What Type Of Damages Are Available In A Wisconsin Personal Injury Claim?

By Nicholas Strom

People who have never been involved in an accident case often do not understand what they are able to recover in a lawsuit. I am often asked if it is worth it to pursue a case. The purpose of this post is to explain what an injured person may be entitled to in a personal injury lawsuit to help injured people evaluate whether to pursue a lawsuit.

Compensatory Damages

Compensatory damages are money awarded to an injured person that compensate them for their injury. The damages must be attributable to a defendant and the injured person must be able to quantify the amount of loss to the jury. Compensatory damages break down into “economic damages” and “non-economic damages.”

Put simply, economic damages are things that can specifically be calculated such as medical bills, lost wages, loss of future earning capacity and damage to your property (for instance, your vehicle).

Loss of wages and loss of future earnings are more difficult to calculate than medical bills, but it is not impossible. You will need evidence of your lost wages. If you are paid hourly, you may be able to document your lost wages by providing your hourly rate and getting proof from a supervisor on the shifts you missed. For self-employed or salaried employees, you may need additional evidence proving your compensation was reduced because of time off work. You will likely need an expert to explain how your injuries prevent you from making money in the future.

Non-economic damages are damages that are not as easy to calculate. These are damages for things like pain and suffering, emotional distress and loss of enjoyment of life. It is difficult to put a value on these non-economic damages given that no two individuals are alike. The same accident can affect different people in different ways. For instance, an older person with an existing medical condition may suffer more than someone in perfect health in their mid-twenties. You can work with your attorney to determine how to best provide evidence for lost wages and loss of future earning capacity.

Given the inherent difficulties in calculating pain and suffering, non-economic damages are usually calculated by using a multiplier of medical bills. This multiplier is usually between 1 and 5 depending on the severity of the accident. As a simple example, if an injured person has $20,000 in medical bills and the multiplier of 2 is used, the individual will request $40,000 in pain and suffering compensation for a total of $60,000 ($20,000 in medical bills plus $40,000 in pain and suffering). Of course, there is still a question of what should be chosen as a multiplier and working with your attorney and legal team will help you determine how much pain and suffering damages you should request.

Punitive Damages

Punitive damages are damages awarded to an injured party meant to punish the person who caused the accident. They are exceedingly rare in personal injury cases. To claim punitive damages an injured party needs to provide evidence that the defendant acted maliciously towards the injured person or with an intentional disregard of the injured person’s rights. The defendant must have acted outrageous and the legal system is punishing the defendant. In Wisconsin, if you are able to prove punitive damages, you can receive up to double the amount of compensatory damages.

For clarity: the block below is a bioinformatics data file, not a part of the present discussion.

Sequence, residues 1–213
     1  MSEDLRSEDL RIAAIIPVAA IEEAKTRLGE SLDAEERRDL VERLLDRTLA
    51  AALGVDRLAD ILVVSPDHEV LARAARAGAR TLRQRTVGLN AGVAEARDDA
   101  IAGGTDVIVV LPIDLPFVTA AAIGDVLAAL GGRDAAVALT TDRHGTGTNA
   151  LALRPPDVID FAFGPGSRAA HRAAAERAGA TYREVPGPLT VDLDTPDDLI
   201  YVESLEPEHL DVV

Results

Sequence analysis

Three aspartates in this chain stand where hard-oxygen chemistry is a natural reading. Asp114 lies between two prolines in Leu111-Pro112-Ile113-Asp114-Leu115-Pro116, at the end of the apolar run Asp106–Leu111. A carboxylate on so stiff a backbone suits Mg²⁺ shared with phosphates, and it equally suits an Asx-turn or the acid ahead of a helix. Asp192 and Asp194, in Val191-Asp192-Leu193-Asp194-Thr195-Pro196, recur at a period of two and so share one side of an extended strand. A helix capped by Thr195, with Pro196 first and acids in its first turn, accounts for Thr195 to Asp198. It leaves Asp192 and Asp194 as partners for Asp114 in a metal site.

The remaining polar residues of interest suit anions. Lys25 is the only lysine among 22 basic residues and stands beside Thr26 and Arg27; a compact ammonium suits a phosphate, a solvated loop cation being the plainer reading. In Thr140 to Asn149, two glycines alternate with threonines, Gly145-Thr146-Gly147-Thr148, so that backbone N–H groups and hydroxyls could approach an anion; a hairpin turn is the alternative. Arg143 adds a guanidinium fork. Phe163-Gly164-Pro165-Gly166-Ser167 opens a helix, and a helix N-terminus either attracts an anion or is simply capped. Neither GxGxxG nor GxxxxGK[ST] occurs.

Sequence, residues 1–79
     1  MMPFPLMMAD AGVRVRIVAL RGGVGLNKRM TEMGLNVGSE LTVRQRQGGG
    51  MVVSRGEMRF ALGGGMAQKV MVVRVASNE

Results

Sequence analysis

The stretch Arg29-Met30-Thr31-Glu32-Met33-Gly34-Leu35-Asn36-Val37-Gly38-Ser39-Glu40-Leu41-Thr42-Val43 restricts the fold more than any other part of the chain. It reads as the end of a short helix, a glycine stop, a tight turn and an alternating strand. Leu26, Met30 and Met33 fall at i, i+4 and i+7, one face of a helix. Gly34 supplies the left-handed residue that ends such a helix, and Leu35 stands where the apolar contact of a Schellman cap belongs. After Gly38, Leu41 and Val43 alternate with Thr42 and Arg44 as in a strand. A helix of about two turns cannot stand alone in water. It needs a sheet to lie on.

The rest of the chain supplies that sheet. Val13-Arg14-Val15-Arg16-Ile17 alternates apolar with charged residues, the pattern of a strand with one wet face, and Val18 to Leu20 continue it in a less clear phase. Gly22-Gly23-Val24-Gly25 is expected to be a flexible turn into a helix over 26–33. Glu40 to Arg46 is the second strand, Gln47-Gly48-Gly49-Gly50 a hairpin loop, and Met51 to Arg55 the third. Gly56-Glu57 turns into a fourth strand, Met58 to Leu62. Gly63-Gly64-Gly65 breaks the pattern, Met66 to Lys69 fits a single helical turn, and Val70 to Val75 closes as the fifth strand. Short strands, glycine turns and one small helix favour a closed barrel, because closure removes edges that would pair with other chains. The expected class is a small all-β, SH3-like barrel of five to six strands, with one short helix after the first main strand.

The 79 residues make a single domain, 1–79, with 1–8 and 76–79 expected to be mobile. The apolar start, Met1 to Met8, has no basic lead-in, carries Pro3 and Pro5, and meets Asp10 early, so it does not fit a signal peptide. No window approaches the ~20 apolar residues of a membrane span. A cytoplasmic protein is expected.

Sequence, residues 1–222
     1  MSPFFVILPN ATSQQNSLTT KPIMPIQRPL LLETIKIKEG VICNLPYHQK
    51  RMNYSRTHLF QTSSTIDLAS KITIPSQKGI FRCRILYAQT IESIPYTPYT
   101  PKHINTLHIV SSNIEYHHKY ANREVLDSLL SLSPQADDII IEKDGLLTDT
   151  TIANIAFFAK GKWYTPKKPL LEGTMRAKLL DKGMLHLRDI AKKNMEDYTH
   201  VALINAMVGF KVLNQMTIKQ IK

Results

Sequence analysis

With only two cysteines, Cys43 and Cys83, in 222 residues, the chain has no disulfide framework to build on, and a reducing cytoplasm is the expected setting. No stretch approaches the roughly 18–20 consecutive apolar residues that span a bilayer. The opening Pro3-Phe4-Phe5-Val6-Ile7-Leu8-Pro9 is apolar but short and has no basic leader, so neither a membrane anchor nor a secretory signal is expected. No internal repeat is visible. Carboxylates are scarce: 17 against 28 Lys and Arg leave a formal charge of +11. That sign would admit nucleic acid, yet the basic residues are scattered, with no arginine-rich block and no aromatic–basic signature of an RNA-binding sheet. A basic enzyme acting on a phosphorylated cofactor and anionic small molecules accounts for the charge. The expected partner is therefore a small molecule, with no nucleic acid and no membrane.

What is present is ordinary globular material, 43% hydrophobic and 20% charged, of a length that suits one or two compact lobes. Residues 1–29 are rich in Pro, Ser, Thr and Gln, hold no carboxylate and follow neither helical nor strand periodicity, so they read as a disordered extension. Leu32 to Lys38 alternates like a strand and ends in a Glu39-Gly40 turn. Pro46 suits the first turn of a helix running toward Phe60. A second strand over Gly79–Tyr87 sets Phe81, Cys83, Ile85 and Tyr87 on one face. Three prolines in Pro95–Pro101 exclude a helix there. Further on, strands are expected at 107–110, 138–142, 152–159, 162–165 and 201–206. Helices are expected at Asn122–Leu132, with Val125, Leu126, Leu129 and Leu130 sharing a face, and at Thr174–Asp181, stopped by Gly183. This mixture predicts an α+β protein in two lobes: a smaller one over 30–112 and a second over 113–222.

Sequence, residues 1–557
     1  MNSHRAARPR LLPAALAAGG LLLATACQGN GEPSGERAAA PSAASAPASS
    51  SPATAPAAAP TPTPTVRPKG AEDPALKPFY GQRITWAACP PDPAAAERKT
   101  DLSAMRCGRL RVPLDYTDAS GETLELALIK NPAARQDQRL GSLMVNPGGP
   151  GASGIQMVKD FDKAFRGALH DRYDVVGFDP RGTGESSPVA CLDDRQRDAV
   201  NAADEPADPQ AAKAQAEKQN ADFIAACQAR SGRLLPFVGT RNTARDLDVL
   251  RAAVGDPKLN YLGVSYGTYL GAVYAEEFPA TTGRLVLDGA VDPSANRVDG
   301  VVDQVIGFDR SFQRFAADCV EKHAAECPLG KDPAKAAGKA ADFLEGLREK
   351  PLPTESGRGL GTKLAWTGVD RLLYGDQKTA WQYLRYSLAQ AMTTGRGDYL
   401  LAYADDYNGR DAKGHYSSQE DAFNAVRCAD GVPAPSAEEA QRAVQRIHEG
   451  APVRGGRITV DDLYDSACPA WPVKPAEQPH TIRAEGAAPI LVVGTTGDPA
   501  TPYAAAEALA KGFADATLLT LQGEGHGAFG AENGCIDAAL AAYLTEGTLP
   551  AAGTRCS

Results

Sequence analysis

Again, punitive damages are very rare. You may be able to recover them if the defendant was driving under the influence of drugs or alcohol, but it is difficult to imagine many other scenarios wherein an injured party will be able to recover punitive damages.

Contributory Negligence

Contributory negligence is when the injured party fails to act prudently and contributes to her or his injuries. Contributory negligence can reduce the amount of a personal injury award. Put simply, if you were partially responsible for the accident you may not be able to recover the full amount of your damages.

In Wisconsin, if you are found to be 51 percent at fault for your injuries, you will not be able to recover anything from the defendant. However, if you are found liable for less than that, you can still recover a percentage of your damages from the defendant.


There are multiple areas of recovery for someone injured in Wisconsin. You can recover economic damages, for instance medical bills, lost wages and loss of future earning capacity. You can also recover non-economic damages, such as pain and suffering, emotional distress and loss of enjoyment of life. Punitive damages (damages meant to punish the defendant) are available but are uncommon and unlikely in an accident case. If you are partially at fault for your own injuries, you will receive a reduced monetary award, and may even be completely barred from recovering damages.

Fowler St. Clair handles personal injury cases and is here to help. If you have any questions about the legal process or think you may have a case, you can always reach out and one of our trusted team members can discuss your potential personal injury case free of charge.